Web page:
Borders that Bind: Boundedness and Interconnectivity in the Later Medieval Holy Roman Empire
The Holy Roman Empire of the later Middle Ages witnessed a proliferation of borders and boundaries, as delimited and sometimes enclosed communities and institutions combined and coexisted with highly decentralized and fragmented political authority. But many of these boundaries went hand-in-hand with intensified ‘cross-border’ connections: political fragmentation necessitated cooperation and mutual aid, and more ‘bounded’ communities were often part of more developed networks. These sessions aim to explore any aspect of or approach to this dynamic relationship between boundedness and interconnectivity throughout the Empire between the thirteenth and the early sixteenth centuries.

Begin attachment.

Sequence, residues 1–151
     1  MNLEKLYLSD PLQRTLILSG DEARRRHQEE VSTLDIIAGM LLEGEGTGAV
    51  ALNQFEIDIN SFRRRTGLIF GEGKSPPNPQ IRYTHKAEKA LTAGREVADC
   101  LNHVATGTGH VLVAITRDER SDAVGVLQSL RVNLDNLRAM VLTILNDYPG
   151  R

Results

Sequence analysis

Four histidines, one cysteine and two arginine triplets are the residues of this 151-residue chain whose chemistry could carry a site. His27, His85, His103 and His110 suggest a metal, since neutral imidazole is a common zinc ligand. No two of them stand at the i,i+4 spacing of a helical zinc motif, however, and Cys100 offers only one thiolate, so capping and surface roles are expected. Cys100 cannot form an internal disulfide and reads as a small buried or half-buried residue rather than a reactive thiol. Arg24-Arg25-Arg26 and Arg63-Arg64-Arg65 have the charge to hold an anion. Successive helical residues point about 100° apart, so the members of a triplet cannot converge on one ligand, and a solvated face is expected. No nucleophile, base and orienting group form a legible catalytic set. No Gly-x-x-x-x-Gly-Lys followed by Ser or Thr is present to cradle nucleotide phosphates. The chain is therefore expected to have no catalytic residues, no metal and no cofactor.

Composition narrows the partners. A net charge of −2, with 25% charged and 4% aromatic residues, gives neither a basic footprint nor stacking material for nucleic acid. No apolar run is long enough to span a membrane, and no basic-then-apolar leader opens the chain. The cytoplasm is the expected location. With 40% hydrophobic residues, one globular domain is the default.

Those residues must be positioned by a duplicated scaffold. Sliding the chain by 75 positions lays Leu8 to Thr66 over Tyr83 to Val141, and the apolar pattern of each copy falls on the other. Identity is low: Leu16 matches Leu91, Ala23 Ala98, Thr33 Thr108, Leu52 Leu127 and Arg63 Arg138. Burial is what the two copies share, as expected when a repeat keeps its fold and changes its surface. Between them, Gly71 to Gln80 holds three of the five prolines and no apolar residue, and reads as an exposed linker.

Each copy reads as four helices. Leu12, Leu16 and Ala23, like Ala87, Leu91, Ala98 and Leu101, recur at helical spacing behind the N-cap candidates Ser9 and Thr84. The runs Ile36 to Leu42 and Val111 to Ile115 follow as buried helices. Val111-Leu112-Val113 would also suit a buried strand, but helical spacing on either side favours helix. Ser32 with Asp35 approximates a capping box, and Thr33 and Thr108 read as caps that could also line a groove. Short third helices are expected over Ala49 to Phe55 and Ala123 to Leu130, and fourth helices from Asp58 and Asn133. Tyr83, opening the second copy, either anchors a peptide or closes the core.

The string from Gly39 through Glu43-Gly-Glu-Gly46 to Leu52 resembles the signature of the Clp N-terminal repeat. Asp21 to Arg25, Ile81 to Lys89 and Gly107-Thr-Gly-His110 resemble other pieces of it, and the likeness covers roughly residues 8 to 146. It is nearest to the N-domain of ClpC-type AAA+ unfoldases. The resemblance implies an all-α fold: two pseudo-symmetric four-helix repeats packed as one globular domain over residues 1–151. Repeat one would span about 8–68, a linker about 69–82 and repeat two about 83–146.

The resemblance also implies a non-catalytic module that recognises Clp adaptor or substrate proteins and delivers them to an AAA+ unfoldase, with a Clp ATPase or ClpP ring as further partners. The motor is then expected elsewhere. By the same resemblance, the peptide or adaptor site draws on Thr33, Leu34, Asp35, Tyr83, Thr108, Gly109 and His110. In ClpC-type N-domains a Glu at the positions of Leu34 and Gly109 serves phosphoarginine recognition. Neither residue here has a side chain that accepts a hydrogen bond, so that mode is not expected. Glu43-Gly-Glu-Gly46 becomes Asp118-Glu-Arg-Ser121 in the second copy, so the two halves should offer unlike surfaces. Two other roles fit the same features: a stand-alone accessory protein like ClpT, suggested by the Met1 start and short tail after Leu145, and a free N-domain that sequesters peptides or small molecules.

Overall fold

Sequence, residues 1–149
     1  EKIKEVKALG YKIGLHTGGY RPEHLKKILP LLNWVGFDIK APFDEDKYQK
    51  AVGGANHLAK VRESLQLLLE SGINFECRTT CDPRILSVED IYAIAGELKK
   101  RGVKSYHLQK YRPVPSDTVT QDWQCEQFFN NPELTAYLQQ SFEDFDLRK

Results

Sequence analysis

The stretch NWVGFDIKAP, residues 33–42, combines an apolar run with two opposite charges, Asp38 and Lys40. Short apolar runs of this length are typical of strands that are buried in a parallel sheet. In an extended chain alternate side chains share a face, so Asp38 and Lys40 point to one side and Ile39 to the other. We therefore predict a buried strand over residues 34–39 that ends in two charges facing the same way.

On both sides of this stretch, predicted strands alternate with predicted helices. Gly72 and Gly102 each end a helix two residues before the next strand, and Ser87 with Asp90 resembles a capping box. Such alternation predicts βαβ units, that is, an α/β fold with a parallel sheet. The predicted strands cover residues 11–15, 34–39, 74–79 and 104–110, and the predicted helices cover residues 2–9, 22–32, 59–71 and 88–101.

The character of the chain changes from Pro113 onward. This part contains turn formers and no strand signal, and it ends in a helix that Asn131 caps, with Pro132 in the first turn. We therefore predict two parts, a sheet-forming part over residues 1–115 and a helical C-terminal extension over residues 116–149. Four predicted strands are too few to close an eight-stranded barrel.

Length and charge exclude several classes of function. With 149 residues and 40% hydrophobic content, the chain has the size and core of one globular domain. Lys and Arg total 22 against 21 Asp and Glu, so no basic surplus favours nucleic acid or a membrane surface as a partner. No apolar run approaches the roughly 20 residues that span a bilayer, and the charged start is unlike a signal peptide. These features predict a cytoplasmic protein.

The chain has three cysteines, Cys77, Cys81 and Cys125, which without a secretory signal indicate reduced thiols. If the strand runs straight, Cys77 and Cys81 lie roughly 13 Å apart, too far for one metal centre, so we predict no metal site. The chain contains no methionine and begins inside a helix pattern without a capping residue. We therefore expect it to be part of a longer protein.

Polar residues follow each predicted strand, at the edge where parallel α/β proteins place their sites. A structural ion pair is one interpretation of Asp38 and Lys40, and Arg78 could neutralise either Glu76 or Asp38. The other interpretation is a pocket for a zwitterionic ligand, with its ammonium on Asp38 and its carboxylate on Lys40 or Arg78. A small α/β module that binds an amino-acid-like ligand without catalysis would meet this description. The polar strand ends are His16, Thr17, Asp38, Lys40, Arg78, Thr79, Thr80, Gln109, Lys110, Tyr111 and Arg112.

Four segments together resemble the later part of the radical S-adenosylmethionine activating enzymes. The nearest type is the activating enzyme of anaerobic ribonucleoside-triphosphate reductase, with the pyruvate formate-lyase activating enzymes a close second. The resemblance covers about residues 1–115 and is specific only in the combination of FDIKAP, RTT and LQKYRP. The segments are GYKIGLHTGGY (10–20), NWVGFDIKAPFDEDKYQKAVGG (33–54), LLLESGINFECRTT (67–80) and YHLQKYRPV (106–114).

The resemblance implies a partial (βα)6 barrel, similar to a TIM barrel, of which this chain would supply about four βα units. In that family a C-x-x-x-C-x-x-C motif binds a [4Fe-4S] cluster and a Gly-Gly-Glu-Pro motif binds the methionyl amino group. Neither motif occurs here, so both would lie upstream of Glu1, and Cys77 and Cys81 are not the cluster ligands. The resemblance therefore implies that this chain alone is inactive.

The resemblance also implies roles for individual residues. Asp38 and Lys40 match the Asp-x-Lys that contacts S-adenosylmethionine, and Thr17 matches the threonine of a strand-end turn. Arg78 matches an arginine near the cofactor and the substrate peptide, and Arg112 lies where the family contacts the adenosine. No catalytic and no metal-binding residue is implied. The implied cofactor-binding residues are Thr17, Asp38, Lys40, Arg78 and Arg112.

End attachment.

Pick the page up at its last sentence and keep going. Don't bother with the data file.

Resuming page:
Possible topics could include:
- Territories and lordships
- Towns and villages
- Religious communities
- Parishes and wards or quarters
- Guilds, fraternities and societies
- Nations and linguistic groups
- Social stratification and hierarchy
- Centres and peripheries
Please send short abstracts (100–200 words) to firstname.lastname@example.org by 20 September at the latest.
Organizers: Duncan Hardy (Central Florida, USA), Ben Pope (Manchester, UK), Lisa Rolston (Canterbury, Christchurch, NZ)